When Maria Lopez decided she wanted to own her own business, she bought a taco truck, drove it up from Los Angeles, and found a spot on First Avenue South where she could park it. But the rent she paid annihilated her profits.
Back at home, Lopez faced another problem: construction. The house where she'd lived for 11 years, on Martin Luther King Jr. Way South, was suddenly awash in backhoes, pipes, and construction workers working feverishly to establish Sound Transit's first light-rail line.
Inspired to turn a pair of overripe avocados into guacamole, Lopez asked the King County Health Department if they would let her park her truck on her own front lawn. "They said, 'Why not? It's your house!'" she recounts.
So, for the past three years, six mornings a week, Lopez has descended the steps of her ranch house, unlocked the door to her truck, and commenced preparing salsa and refried beans. She's covered the front half of the grass with gravel so her customers can drive up and park on it and set out a plastic picnic table with a rainbow-striped umbrella. If you passed by at noon on any given day, half the people sitting under it were wearing orange nylon vests.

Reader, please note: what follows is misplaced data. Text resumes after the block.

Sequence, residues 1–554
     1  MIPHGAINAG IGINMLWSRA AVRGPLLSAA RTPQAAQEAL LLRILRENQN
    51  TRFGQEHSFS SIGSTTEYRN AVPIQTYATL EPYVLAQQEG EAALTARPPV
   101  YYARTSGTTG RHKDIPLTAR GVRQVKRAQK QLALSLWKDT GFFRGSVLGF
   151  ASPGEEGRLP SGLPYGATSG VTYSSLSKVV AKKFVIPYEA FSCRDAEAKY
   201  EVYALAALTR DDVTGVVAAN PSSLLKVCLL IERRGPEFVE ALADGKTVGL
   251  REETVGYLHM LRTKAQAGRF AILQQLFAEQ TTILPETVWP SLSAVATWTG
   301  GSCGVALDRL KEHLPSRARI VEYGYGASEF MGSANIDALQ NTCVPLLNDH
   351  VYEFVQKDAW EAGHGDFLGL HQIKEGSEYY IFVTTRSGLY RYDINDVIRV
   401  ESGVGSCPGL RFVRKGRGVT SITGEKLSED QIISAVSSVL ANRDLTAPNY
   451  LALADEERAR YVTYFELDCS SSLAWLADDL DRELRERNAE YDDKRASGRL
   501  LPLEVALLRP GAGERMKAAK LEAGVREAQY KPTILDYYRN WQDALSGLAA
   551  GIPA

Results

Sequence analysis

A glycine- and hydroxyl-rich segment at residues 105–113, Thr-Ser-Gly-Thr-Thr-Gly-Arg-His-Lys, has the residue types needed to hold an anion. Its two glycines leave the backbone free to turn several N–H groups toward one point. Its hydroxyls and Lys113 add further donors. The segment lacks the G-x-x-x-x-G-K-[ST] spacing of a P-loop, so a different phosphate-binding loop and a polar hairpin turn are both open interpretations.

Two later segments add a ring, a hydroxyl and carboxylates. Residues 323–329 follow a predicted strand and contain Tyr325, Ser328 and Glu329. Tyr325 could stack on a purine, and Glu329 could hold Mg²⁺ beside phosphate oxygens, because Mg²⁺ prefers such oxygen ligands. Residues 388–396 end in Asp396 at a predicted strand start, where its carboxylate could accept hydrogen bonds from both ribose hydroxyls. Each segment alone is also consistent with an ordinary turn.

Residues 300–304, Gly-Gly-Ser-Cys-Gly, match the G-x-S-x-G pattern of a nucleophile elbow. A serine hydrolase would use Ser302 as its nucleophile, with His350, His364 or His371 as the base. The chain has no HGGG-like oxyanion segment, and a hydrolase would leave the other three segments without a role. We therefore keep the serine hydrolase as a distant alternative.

Though Lopez advertises tacos and tortas, she comes from Ilobasco, El Salvador, and her true specialty is pupusas. She buys freshly ground masa at a nearby tortilla factory and stuffs fat cakes of it with beans, shredded pork, and cheese, then griddles the pupusas to order and serves them with cabbage slaw and tomato salsa.
Sound Transit's light-rail tracks are now laid, the road fully widened. Their work now complete, her prime clientele have migrated farther north and south. Once again, Lopez is scouting for new locations. "Maybe I'll open a Salvadoran restaurant around here," she hints. We can only hope. — Jonathan Kauffman 8303 Martin Luther King Jr. Way S.